Thursday, September 04, 2008

Something sweet happened Tuesday. Fritz and I were at a yarn shop near Portsmouth, picking colors for his next bargello project. I was on one knee, pulling strands of yarn out of the rack when a woman came into the area, gave me a second look and asked, “Are you The Opera Man?” I replied that I was, realizing that she had to have been in the audience for one of my pre-performance talks. We had a pleasant conversation and she was kind enough to say that my presentation had added to her understanding and appreciation of Verdi’s La Forza del Destino, an opera previously unfamiliar to her.

The series of hi-def screenings of opera in Exeter has turned into the Ioka Theater’s most financially successful current venture, and is currently keeping the place open. Think of it—they show three different series of movies concurrently in the big theater upstairs: latest releases from Hollywood (this week Tropic Thunder, the new Ben Stiller, Robert Downey, Jr. action comedy); art films from all eras; and cult or otherwise unusual films. But these films aren’t pulling in enough money to pay expenses, and the operas are.

This is like saying of someone that acting is his day job. It’s an uncommon and very welcome situation when a movie with half naked men shooting off military-issue rifles and blowing things up can’t pay the bills but a piece of high culture about a woman dying of TB while singing in a style not involving rock screams can. Whether box office receipts will pick up now that Exeter Academy is back in session is anybody’s guess, but the Ioka has scheduled three ballet performances and an another series of operas--Barber of Seville, Norma, Shostakovich’s Lady Macbeth of Mtsensk(!!)--from several Italian opera houses, and four others—Otello, Romeo et Juliette, Don Giovanni, Rigoletto—from the Salzburg Festival.

I’ve been asked to continue and am working out details of how to be “there” for the two Barber of Seville dates while Fritz and I are on vacation in the south of France. I’ve proposed recording my talks to be played just before the screenings.


We both stayed with the Republican Convention last night to check out Governor Pulin. I’ve been embarrassed for John McCain as he’s tried to assure us that being a mayor of a town of less than ten thousand people is adequate preparation for possibly becoming Commander-in-Chief should the president be incapacitated or die. In the event, she delivered her lines with confidence and an appealing enthusiasm. Her background,however, is still disastrously thin no matter how you look at it.

Alas, the American people are, on the whole, so ignorant of (or uninterested in) politics that the fact Ms Palin proved herself tremendously camera-ready last night will be enough for a dangerously large number of them when the time comes to cast ballots. She will certainly galvanize the ultra conservative religious Right that has so far been stand-offish with McCain.

It’s interesting that while young Levi Johnston had been scrubbed and groomed into a semblance of Ozzie and Harriet small town middle-class Sunday Best, he was not introduced. All the conservative, religious Republicans were so busy fawning over the Palin women for having NOT aborted, they forgot that under ordinary circumstances--or if it had been one of Obama's daughters--they would have been the first ones shouting shame! Sin! FORNICATION!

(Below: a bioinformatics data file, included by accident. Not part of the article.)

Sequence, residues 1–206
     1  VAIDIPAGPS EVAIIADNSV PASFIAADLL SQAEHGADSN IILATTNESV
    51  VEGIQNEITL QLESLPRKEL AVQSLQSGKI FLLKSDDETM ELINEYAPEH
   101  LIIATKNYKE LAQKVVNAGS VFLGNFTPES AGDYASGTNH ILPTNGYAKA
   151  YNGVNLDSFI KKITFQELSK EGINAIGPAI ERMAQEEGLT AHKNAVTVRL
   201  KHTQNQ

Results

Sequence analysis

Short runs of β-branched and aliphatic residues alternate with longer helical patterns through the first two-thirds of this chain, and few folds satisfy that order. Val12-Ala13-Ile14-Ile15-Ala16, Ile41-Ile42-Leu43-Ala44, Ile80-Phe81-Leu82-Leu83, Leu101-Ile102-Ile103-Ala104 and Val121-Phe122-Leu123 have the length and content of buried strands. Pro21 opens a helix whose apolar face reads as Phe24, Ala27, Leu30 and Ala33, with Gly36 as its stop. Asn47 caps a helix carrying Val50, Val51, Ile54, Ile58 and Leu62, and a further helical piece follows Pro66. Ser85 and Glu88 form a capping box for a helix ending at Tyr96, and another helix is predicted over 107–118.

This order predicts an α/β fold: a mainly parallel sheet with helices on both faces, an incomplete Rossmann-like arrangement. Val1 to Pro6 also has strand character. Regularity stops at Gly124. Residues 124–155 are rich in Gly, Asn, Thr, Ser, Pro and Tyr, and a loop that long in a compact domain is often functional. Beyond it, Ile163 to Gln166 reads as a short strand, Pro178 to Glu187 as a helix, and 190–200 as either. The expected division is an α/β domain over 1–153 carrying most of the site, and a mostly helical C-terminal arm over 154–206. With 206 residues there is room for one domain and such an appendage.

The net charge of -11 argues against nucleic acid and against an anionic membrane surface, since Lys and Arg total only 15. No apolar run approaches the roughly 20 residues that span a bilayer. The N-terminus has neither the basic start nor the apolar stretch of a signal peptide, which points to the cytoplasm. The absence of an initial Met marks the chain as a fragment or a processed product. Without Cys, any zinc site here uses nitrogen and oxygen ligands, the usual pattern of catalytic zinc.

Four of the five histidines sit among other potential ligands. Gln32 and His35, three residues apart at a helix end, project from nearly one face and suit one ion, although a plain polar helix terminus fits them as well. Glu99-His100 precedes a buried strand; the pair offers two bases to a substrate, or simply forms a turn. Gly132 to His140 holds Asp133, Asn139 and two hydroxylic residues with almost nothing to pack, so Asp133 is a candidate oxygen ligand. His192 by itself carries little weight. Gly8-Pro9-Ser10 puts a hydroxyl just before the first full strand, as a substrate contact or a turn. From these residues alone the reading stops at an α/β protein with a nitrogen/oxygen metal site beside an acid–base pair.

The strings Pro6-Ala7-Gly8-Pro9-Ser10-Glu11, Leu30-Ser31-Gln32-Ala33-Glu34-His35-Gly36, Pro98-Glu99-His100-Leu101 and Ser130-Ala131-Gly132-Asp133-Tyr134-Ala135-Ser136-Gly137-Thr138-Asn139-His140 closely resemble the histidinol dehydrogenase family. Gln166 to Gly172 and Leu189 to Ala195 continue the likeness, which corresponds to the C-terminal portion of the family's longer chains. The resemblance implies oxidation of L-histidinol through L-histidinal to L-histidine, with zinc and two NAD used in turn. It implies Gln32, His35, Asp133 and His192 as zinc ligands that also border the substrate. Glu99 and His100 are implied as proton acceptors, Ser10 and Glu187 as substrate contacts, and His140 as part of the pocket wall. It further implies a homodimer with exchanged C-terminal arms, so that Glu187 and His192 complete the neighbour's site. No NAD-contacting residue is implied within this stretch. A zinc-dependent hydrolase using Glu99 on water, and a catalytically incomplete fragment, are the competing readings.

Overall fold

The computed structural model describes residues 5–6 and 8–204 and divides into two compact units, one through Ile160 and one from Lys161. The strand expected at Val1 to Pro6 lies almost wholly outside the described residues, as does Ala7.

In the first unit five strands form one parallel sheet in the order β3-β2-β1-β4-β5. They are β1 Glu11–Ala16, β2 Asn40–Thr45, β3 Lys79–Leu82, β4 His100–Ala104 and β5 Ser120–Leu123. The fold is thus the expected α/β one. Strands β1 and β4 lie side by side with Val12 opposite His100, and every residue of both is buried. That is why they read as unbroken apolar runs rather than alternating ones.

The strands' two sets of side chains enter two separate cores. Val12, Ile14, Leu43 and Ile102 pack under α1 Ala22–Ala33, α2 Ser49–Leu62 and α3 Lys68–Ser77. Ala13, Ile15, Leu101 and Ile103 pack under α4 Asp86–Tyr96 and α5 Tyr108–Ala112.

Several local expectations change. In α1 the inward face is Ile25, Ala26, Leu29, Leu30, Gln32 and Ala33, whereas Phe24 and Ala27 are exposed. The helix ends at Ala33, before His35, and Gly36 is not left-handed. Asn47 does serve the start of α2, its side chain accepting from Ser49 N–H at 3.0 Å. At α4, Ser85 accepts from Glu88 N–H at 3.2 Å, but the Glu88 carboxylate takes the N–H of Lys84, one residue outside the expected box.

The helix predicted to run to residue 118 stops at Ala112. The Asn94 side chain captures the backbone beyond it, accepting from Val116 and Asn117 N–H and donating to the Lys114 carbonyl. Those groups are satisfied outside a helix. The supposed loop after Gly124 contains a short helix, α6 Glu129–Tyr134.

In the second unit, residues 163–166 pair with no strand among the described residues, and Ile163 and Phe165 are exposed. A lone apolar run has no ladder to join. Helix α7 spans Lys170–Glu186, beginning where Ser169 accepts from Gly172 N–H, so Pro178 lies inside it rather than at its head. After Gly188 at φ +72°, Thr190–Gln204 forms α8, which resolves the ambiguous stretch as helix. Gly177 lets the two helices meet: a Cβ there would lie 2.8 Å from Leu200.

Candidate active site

The question their embrace of the teenagers who didn’t use birth control and who conceived out of wedlock raises is obviously this: if they’re an acceptable family, one worthy to receive ovations at the convention, then what about gay and lesbian families? Why not us?

However, the bottom line is that McCain’s extremely risky choice for VP has paid off handsomely, at least for the near term. Sarah Palin is solidly on the political map. The real campaign will show if she can sustain the big initial impression she made last night.


Paving has been completed here. I’m not a great fan of blacktop and would have preferred to leave things natural; but the fact we’re on a hillside with a great deal of loose soil meant we had to pave or face wash-outs of our road and parking areas. Also, the big snow blower would not work on the gravel road. Last winter, pins kept shearing because stones jammed in the mechanism, something that will not happen with blacktop. And asphalt will absorb a large amount of winter sun, helping to melt snow and ice. Here are the pictures:

This is the sand and rock sweep of road heading downhill after grading and compacting.

The parking area to the east of the house as the big pile of rock from the blasting of the cliff was being cleared, and the resulting level area.

Pouring the asphalt.

Rolling and finishing.


The Wit and Wisdom of George W. Bush And Dan Quayle

<< Will the highways on the internet become more few?

>> Republicans understand the importance of bondage between a mother and child.

I think you'll be very happy in the snow and ice with that blacktop.... And when you started talking about someone noticing you down on your knees, I got got a little worried......
I loved this Jon Stewart clip on the conservatives' response to Palin -- he's brilliant.
go to [www_thedailyshow_com] (which expands to: )

-- liz
Given McCain's history of skin cancer, should he be elected, Palin is one sunburn away from the presidency. Pretty scary.

Pavement is good!! It'll make it a whole lot easier for everyone to get to the top of the hill.
Lewis--Now there's nothing wrong about being on one's knees occasionally. :-)

Liz--thank you for coming by and commenting--I like your site, all the food and recipes a lot and will be back

Marl--Part of our plan for the house is that it be filled often with friends, colleagues, relatives, etc. We want to make sure that getting up the hill is easy for everybody.
Post a Comment

<< Home

This page is powered by Blogger. Isn't yours?